Evaluation: Based upon frame rails from one of the underslung (“Surbaisse”) Bugatti Type 57G “Tanks”, original Corsica coachwork, an incomplete restoration following 51 years of dedicated ownership by the late Bill Turnbull who strove to establish its history and evolution. Originally delivered to Sir Robert Ropner, later owned by Rodney ‘Connaught’ Clarke, H.H. Coghlan and Dr. Kenneth Cock. Repainted original coachwork with fenders returned to the original profile, professionally preserved old upholstery, partially rebuilt engine. A work in progress but delightfully and passionately preserved. Completion and final assembly will not be straightforward but 503’s history and the process of its resuscitation is voluminously documented and the result will be sublime.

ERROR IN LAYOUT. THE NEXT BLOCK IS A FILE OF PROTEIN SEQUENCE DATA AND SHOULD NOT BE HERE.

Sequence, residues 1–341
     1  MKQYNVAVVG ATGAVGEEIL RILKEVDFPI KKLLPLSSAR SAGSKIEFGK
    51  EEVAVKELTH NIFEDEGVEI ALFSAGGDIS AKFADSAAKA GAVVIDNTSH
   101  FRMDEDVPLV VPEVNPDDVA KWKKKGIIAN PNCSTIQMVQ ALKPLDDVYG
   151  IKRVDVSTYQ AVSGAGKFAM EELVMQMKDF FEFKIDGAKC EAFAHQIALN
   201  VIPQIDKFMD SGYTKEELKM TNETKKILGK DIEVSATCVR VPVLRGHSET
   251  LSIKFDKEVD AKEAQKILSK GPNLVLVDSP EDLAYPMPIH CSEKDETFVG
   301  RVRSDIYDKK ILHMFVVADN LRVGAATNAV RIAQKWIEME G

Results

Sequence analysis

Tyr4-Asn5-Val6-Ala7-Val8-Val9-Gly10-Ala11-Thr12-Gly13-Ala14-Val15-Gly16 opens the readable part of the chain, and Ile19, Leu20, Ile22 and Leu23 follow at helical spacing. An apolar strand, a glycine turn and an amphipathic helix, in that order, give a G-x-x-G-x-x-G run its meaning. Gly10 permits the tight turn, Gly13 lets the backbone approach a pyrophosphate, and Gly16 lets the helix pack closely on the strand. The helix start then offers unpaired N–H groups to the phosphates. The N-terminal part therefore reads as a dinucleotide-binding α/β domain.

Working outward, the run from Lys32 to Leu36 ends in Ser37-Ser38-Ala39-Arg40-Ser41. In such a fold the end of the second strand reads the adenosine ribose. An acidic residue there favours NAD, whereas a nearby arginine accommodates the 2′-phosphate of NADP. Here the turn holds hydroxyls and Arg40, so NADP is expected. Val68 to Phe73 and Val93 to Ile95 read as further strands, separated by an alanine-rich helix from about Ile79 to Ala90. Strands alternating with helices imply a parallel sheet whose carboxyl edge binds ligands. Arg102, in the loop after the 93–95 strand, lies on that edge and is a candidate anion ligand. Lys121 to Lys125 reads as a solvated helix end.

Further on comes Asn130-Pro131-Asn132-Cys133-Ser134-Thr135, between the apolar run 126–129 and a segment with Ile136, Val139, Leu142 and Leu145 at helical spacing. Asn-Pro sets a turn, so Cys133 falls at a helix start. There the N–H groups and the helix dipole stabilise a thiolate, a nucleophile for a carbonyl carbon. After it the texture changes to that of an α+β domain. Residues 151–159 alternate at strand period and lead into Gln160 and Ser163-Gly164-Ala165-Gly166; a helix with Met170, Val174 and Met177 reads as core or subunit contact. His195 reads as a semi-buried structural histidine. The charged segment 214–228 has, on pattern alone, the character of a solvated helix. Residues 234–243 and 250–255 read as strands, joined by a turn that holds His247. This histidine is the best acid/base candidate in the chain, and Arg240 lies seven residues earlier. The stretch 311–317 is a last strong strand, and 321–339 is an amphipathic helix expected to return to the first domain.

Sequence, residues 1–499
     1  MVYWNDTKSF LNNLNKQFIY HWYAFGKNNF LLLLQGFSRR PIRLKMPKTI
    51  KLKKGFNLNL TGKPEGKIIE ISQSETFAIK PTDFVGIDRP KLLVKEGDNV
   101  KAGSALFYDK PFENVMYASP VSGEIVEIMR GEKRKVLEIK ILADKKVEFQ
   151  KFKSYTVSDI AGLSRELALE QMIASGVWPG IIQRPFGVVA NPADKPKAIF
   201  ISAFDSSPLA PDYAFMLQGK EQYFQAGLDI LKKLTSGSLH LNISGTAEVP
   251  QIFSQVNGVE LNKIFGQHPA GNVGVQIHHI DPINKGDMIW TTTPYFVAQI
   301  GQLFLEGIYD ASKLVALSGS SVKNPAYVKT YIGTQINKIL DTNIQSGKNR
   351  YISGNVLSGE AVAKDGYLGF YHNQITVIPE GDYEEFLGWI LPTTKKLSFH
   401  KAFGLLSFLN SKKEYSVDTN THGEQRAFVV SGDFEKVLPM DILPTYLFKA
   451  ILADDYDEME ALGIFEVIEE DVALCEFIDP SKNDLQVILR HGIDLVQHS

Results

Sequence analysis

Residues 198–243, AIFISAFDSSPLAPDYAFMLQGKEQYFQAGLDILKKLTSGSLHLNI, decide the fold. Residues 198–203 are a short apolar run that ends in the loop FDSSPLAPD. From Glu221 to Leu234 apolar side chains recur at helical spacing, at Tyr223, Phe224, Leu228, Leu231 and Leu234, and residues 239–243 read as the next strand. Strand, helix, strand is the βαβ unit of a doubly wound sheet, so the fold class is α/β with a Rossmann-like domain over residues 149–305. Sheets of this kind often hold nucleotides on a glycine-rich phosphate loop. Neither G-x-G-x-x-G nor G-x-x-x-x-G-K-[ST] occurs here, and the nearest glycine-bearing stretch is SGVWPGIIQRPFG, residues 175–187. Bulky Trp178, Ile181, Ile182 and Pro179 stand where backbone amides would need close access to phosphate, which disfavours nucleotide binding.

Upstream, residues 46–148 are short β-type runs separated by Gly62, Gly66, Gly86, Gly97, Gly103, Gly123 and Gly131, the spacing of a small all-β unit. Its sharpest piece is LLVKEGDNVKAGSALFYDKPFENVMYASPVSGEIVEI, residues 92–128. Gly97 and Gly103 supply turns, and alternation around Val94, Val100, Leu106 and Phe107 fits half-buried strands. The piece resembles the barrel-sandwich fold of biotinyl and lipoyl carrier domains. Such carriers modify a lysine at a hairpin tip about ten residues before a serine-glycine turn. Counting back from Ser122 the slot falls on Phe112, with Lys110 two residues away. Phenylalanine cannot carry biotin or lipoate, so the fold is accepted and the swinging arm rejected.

Bottom Line: Despite heavy emphasis on the origin of the frame rails (but not crossmembers) in one of the Type 57G Bugatti Aerodyne “Tanks” a less charitable view might be that Bugatti was employing leftover parts to make “new” cars. Be that as it may, Type 57S s/n 57503 has a marvelous history and has been treated to a meticulous mechanical restoration. It is incomplete in so many ways, but Bill Turnbull’s meticulous attention to mechanical detail promises good results and the original Corsica body is nothing if not well-preserved. It is a credit to both the Turnbull estate and Bonhams that it was offered without reserve, appropriate in the case of a car that is unique. Its challenge is that it was never quite good enough for the fastidious engineer Bill Turnbull and never got “done”, where the pursuit of “perfection” left Bill Turnbull with satisfaction for the quality of his work, but never experienced the joy of driving the car. The bidders made up their minds with this £3.6M ($5M) hammer price and there are more pounds or dollars to be spent unravelling its restoration history and completing it. Sold to a UK bidder.